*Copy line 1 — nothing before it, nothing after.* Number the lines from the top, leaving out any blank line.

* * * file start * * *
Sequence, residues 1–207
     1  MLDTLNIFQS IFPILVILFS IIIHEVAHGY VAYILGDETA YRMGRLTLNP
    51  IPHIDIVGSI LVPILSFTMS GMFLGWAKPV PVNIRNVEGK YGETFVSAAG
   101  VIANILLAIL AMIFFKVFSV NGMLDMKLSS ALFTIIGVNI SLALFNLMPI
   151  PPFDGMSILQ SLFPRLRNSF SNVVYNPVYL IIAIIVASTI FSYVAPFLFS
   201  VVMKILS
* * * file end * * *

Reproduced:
Sequence, residues 1–207